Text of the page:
Silicon Valley startups sometimes talk about the "SoftBank effect." It's what happens when the Japanese tech group or its giant venture fund approaches a company looking to invest some of its nearly $100 billion war chest. Whoever takes the money has the means to grind their rivals into the dust, but with the pressure that comes from having to justify a generous valuation. The same thing looks to be happening in another fast-growing industry: cannabis.
U.S. Marlboro maker Altria (NYSE:MO) said on Friday that it will invest $1.8 billion - a 41.5 percent premium - for a 45 percent stake in Cronos (NASDAQ:CRON), a Canadian pot grower. The price is high on the face of it. Before the deal, Cronos was worth about 20 times next year's sales, according to I/B/E/S estimates from Refinitiv. That's not really the point though. Altria has years of experience in peddling habit-forming consumer products in heavily regulated markets - and lawyers aplenty to defend itself when legal troubles arise, as they certainly will in the cannabis industry.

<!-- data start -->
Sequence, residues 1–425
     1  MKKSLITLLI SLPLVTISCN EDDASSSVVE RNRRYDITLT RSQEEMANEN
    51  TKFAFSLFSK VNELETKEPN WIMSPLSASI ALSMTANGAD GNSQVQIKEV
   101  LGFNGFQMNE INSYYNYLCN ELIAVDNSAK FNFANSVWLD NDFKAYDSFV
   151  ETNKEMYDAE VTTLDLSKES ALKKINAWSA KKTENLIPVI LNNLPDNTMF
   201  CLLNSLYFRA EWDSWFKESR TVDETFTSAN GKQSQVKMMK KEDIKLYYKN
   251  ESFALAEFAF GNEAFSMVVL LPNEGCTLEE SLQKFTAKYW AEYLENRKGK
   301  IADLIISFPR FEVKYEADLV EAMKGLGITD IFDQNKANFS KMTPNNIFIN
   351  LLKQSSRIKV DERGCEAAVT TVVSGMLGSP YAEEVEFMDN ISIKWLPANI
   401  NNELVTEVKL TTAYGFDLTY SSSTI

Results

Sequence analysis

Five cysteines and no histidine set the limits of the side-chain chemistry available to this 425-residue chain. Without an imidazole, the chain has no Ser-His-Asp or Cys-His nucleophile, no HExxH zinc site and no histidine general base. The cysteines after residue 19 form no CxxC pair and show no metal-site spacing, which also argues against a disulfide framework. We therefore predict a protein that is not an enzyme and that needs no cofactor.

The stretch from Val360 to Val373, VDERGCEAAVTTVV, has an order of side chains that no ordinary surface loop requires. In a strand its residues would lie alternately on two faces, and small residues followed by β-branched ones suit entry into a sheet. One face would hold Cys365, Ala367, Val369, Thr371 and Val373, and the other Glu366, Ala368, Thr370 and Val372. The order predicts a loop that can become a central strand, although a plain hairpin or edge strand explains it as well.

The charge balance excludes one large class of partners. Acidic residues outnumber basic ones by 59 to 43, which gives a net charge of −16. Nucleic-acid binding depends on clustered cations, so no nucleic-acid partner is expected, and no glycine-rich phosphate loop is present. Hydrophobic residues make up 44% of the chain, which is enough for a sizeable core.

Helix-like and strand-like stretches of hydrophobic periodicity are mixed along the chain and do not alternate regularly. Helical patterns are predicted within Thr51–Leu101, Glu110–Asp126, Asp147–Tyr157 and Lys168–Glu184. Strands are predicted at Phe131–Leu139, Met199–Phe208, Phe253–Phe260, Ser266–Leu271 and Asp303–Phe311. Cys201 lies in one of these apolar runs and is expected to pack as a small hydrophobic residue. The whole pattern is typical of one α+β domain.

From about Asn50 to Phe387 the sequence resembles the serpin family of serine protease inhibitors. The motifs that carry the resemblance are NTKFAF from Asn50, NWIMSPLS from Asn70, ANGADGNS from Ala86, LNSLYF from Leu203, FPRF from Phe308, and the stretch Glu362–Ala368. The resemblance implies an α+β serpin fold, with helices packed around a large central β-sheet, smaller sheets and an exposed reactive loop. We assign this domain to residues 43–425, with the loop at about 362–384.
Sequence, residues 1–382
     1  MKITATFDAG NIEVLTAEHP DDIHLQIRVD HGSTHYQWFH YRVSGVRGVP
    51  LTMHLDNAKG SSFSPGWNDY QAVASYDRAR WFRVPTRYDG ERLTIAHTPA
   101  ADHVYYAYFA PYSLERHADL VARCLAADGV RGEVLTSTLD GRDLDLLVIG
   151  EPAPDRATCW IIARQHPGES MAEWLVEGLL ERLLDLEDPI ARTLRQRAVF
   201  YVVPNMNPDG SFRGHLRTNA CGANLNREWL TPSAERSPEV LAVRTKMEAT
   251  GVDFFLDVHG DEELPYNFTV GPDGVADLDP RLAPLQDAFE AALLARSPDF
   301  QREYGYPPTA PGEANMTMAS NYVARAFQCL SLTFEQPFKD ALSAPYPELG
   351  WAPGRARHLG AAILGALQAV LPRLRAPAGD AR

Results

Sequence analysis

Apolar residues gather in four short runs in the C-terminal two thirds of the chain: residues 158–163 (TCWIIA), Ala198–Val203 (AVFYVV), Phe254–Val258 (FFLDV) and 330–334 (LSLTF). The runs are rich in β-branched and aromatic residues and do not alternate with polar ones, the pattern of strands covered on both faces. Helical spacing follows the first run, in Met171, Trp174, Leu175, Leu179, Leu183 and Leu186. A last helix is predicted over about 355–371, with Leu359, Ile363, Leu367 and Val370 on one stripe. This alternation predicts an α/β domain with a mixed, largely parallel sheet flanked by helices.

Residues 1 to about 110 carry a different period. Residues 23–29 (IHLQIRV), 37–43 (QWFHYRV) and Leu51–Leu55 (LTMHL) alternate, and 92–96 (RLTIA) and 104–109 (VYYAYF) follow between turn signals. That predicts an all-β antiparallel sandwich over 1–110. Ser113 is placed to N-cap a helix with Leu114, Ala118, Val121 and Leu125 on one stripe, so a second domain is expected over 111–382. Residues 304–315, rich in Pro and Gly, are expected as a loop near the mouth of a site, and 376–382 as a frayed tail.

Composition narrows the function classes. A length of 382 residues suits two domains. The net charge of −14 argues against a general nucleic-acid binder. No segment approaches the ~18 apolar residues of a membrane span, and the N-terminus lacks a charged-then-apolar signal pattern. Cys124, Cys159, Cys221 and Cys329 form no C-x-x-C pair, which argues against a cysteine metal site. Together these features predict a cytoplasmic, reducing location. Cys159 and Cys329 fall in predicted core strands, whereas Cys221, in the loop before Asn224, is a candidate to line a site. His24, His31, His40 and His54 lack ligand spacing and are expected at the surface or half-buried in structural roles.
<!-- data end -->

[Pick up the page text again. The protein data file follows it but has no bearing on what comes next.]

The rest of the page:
It's possible to overstate the benefits of the partnership. Altria doesn't currently grow weed - and it doesn't even grow its own tobacco. In Canada, where marijuana is federally legal, the drug is partly regulated like traditional smokes, with strict marketing limitations. But many companies are betting it will be consumed more like alcohol, in which Altria is less of an expert. And Cronos is taking a risk by emphasizing the ways in which pot is aligned with cigarettes, a product that has killed millions, and an industry that many investors shun altogether.
Nonetheless, turning Altria down would have been risky too. The backing of a $100 billion consumer-goods group raises the chances that Cronos can survive a future shakeout among the dozens of listed Canadian companies. Altria's willingness to pay a high price could become self-fulfilling. A similar logic has propelled the $10 billion valuation of Canopy Growth (NYSE:CGC), after Modelo brewer Constellation Brands (NYSE:STZ) agreed to invest $4 billion in August. As in Silicon Valley, the likely winner at the end of the day is whoever holds the cash.